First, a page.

Lazarus scatters itself across the screen in 5 basic windows.
Each one can be moved around and re-sized in the usual way, to suit yourself:
is the main command window. Closing this closes Lazarus. Minimizing this minimizes everything.
is the window representing the part of the program which you are working on. This is where you drag and drop the buttons and boxes which make up your program. The dots are a grid to which they can be aligned for a neater result. The dots don't show when the program runs. Program windows are called Forms
. The data for a form is saved in a .lfm
is the Editor
window. This where you write the code which makes things happen when the buttons and boxes are clicked. Each form has its own corresponding chunk of code, called a Unit
. Each unit is saved in a separate .pas
file with the same name as the corresponding form file.
Each unit appears in a separate tab in the editor window. The current tab being edited is highlighted. An asterisk against the file name in the tab indicates that the contents have been changed and will need saving.
The editor and form windows can be toggled to and fro in front of each other by pressing F12
on the keyboard -- which is handy if you are working with large forms on a small screen.
The font used in the editor needs to be a fixed-width font if you value your sanity, so that the text appears in fixed columns. By default the font used is Courier New, but I find the Consolas font is easier on my eyes.
The editor changes the colours of the text according to its meaning to the compiler. This is called "syntax highlighting". This is very useful to avoid typing errors. The colours and formatting can be changed to whatever you find comfortable.
Chunks of text can be hidden from view by clicking the small + and - boxes on the left. This is called "folding" the text. It is very useful to reduce scrolling when working on a long unit.
is called the Object Inspector
window. This is where you make the settings for each Object
in the program by entering them in the right-hand column. For example if you add a button to a form, this is where you set the text which appears on the button. Almost everything in Lazarus is an object, so this Object Inspector window is used a lot. It is typically arranged as a tall column window. Most programmers seem to like it on the left of the screen, but I prefer it on the right.
is the Messages
window. This is where Lazarus reports what's happening -- hopefully on a green background to indicate a successful operation. You can close this window when not needed and it will re-appear when there is something to report.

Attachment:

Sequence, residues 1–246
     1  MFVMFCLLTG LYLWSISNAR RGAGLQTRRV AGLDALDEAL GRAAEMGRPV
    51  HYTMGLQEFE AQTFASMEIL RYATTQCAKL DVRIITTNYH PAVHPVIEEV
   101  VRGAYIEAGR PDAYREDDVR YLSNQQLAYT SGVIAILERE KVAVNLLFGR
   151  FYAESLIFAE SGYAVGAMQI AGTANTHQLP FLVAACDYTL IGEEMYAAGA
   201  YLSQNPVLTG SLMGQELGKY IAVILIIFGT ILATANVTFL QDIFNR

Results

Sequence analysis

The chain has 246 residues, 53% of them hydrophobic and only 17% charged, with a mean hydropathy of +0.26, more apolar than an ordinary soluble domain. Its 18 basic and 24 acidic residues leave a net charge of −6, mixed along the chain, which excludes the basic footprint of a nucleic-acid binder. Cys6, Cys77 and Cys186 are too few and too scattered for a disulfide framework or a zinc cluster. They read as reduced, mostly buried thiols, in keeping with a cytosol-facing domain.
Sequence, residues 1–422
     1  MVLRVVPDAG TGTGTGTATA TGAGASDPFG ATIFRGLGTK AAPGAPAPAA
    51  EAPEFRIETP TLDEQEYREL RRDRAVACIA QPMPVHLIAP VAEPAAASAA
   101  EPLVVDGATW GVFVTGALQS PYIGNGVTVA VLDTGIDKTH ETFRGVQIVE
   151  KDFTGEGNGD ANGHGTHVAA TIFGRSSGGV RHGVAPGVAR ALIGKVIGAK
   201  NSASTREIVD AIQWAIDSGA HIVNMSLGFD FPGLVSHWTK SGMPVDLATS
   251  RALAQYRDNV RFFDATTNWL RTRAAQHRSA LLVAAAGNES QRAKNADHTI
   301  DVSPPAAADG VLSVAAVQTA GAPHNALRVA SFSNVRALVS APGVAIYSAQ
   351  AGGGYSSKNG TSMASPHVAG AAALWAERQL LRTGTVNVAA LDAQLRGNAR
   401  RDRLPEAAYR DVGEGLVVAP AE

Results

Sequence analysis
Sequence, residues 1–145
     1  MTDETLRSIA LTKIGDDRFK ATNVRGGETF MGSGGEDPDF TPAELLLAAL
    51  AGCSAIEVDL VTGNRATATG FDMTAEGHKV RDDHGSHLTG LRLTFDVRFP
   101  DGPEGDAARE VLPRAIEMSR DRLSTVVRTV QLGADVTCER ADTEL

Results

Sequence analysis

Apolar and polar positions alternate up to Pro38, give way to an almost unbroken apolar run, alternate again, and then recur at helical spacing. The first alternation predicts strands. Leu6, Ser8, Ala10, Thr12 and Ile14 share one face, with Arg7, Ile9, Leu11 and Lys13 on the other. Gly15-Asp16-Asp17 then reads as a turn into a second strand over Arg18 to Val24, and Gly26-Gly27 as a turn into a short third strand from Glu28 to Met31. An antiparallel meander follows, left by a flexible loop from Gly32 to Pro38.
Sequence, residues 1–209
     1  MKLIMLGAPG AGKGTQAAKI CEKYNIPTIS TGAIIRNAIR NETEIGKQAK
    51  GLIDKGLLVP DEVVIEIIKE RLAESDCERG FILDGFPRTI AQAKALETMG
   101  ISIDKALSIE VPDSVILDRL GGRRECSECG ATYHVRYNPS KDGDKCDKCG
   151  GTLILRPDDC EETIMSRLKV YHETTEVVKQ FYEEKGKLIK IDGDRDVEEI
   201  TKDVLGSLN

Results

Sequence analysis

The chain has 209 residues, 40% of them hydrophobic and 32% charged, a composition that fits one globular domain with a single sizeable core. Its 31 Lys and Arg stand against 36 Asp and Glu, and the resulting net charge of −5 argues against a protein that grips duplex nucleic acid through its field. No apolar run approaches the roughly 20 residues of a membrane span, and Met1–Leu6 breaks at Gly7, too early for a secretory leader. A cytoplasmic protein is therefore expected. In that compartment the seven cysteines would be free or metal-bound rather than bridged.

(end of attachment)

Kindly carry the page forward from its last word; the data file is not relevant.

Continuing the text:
Other smaller dialog windows appear in the usual way as needed.
In the screenshot above I am editing the control_room
unit. Users who were in at the first release of Templot in 1999 will recognise these names. This window is now called the program panel
, but it was then called the "control room". I changed it on the visible window to avoid confusion with the control template, but the original names in the code haven't changed.
Likewise the storage box
is in the keep_select
unit. Stored templates were then called "keeps". I was persuaded to change the name by Brian Lewis (then of C&L), but I often regret it. You will find the term "keep" for a stored template is still used throughout the code.
The Object Inspector above is currently showing the settings for the recent files
button object. You can see that I have clicked on it, and it has gained some corner handles which could be used to drag it around and resize it.
The form is shown at design-time with all objects visible. When the program is run they are not necessarily all visible at the same time. On this window the blue bar behind the buttons is not visible at the same time as the row of buttons.
Lazarus makes some default settings when an object is created. Most of them can be left on the defaults, but you will always need to change a few of them. As you can see I have made some settings:
Every object in Lazarus must have a name
, so that it can be referred to in the code. For this button you can see that I have given it the name recent_button
. Spaces are not allowed in names. It could be called anything (beans_on_toast ?) but it is handy to use a sensible name and include a reference to the type of object. Otherwise when you come to read the code again in a few years time (or in my case 5 minutes later) it will be meaningless.
Lazarus is case-insensitive, so recent_button, RECENT_BUTTON, Recent_Button, reCenT_buTton, all mean exactly the same thing and refer to the same object. Lazarus itself uses camel-case, so that objects and functions have names such as ToggleBox or SaveToFile.
You can do the same if you wish for names, but I prefer to use all lower case separated by underscores: toggle_box, save_to_file. This has the useful result when reading code that I can see immediately which names were created by me, and which were created by Lazarus.
Next we need to set the text which appears on the button. This text is called an object's Caption
. Generally the text which appears on the screen on a button, next to tickbox, etc., is called its caption. As you can see I have set this to "&recent files". I often use a double space for easier reading. The &ersand causes the next letter to appear underlined on the button as a keyboard accelerator key.
You can see some of the other settings, all of which can be changed. The Height
of the button is set to 29 pixels. Left
means the left edge of the button is 91 pixels from the left edge of the form.
Before the TemplotMEC code can be compiled it is necessary to install the HtmlView
package in Lazarus. This is used to display HTML text for the help notes. More about that next time.
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